Galactic murals and metallic rails grace a comfortably modern chomping environment that's home to pizzas made with fresh spices, vine-ripened tomatoes, extra-virgin olive oil, and premium toppings. Flying Saucer Pizza's menu features a bevy of pie options along with a host of salads and pastas. Pizza connoisseurs can begin with a blank-canvas cheese pie as the backdrop for a palette of toppings like blue cheese, Canadian bacon, artichoke hearts, sundried tomatoes, carrots, sprouts, red cabbage, pepperoncinis, and more ($4.75 for an 8-inch before toppings). When inspiration runs dry, a list of specialty pizzas can be called upon. The Cosmic Clucker blends barbecue sauce, roasted chicken, bacon, artichoke hearts, green onions, and cilantro ($7.45 and up), and veggie pizzas feature the likes of the Dr. Zaius pie with spicy peanut sauce, pineapple, carrots, sprouts, red cabbage, chopped nuts, basil, and sesame seeds ($6.75 and up).
The handmade, fresh pizzas and specialty pies at Bella Kitchen are constructed in the classic New York style, which feature foldy-thin crusts, humorously neurotic toppings, and a gruff exterior that hides the heart of a lonely romantic. Signature dough disc selections such as the chicken garlic (with green pepper, tomato, green olive and onion, $9.95—$19.95) or the herbivore-happifying roasted veggie pie (with artichoke, sun-dried tomatoes, red peppers, and eggplant, $9.95–$19.95) are sure to please pizza-craving poets. The indecisive, meanwhile, can get pretty much everything atop a super special ($10.95–$19.95). To keep a hand open for impromptu swashbuckling, opt for portable pocket pizza with the spinach and feta calzone ($8.95). Bella Kitchen also sells pastas, subs, and salads.
Hailing from the Italian island of Sardinia, Fabrizio Loi graduated with honors from Italy's national culinary college. He's put that experience to good use as the owner and head chef at Ristorante Paradiso. There, Fabrizio orchestrates a menu of classic Italian dishes. But instead of strictly adhering to traditional recipes or reading the instructions embedded into every lasagna noodle, Fabrizio puts his own spin on things. Diners reap the benefits of Fabrizio's culinary creativity when they sit down for gourmet pizzas at lunch, or dinner dishes such as cannelloni gratinati—pasta crepes stuffed with ground veal, chicken, and mozzarella and enhanced with a tomato and besciamelle sauce.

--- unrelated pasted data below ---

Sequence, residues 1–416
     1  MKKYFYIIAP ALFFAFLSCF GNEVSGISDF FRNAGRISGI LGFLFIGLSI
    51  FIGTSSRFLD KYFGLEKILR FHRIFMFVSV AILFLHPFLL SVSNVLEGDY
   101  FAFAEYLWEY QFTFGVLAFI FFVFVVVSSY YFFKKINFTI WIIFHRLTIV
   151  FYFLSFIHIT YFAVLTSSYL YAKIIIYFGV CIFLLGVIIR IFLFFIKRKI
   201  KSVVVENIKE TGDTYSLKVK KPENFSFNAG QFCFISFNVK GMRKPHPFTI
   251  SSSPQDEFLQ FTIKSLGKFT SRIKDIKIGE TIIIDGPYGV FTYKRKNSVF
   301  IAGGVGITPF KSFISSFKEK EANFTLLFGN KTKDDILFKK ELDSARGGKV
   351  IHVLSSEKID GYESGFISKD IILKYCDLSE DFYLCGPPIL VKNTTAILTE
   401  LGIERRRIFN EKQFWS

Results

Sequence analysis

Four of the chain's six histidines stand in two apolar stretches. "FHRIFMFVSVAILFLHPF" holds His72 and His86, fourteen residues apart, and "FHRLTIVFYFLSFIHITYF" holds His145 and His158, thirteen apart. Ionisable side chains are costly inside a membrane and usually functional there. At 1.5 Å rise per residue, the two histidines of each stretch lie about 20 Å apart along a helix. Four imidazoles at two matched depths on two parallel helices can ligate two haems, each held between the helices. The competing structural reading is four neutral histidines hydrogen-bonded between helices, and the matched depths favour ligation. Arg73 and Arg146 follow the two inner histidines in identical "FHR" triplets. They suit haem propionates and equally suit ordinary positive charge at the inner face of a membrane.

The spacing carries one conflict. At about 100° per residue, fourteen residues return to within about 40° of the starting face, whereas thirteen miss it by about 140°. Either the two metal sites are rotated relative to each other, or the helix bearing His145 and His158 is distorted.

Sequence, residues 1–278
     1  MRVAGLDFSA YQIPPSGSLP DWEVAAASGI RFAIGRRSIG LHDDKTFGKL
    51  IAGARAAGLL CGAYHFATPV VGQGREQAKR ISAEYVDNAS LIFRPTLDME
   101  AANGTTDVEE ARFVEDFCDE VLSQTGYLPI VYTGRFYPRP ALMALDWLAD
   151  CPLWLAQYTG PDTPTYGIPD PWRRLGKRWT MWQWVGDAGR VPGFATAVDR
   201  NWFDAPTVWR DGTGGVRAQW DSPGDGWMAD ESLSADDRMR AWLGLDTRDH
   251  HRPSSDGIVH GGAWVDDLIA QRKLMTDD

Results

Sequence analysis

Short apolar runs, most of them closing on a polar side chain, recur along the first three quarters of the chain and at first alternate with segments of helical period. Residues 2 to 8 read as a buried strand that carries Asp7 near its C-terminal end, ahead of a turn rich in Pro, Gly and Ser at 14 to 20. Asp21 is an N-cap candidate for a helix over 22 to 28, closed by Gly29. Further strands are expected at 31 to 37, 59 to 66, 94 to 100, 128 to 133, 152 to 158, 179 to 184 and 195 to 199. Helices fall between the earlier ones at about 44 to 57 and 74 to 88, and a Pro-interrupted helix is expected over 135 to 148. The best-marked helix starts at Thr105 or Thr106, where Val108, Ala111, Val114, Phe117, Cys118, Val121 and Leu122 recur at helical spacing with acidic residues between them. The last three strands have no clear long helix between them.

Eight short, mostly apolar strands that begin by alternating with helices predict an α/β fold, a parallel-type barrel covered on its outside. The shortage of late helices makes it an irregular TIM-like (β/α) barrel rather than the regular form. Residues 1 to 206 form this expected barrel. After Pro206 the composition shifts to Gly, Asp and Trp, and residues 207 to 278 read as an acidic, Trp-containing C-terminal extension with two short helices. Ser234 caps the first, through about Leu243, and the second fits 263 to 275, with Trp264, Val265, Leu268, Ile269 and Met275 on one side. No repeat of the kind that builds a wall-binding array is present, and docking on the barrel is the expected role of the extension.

A lion's head stands guard over the brick oven at Pizzeria Guido & Wine Bar, bearing its fearsome jaws at any who would try to pilfer the restaurant's family recipes. Thankfully, the only way most diners attempt to gain insight into the establishment's Tuscan traditions is through the food. Slivers of buffalo mozzarella, basil, and fresh tomatoes accent antipasti plates in the colors of the Italian flag, and the wood-fired oven spills forth the aromas of prosciutto, capers, and fontina cheese topping pizzas and filling calzones. Glasses of Italian wine click together in the halos of steam rising from pastas. Waiters move through the spacious dining room, and their white dress shirts and smart red ties complement the wall's gentle orange and yellow tones, which call to mind the warming glow of a sunset or a haunted ventriloquist dummy finally burning.
Restaurant owner Salvatore Lembo enjoys greeting his guests as soon as they walk in the door. As the night wears on, he might drop by their table to chat and ask how they like the homemade gnocchi or recommend a selection from the wine list, which includes dozens of bottles from Tuscany, Sicilia, and California. Meanwhile, the aroma of fresh basil and tomato sauce fills the dining room along with the sounds of Italian opera music. The singers’ soaring voices combined with the flickering candlelight, terra-cotta floors, and starched linens set the stage for romantic evenings between couples or a golfer and his favorite sand wedge.
Bella Vita offers a menu of authentic Italian entrees, traditional weekend brunch, and an expansive, international wine list set amid an inviting interior spotted with low-hanging lights and sleek marble accents. Once the green-napkin flag has been waved, diners are free to tear around the entree track, crashing into Arista alla Milanese, featuring braised pork shoulder stewed in white wine and sage, topped with a sausage-and-bacon sauce, and served snuggled with potatoes ($18). Smoked stacks of salmon fettuccini alfredo will impress even the most critical mermaid dates ($19), as will antipasti dishes such as the olive-oiled caprese ($10) and the gamberi rossi, featuring sautéed prawns with shallots and fresh tomatoes in a white-wine sauce ($12).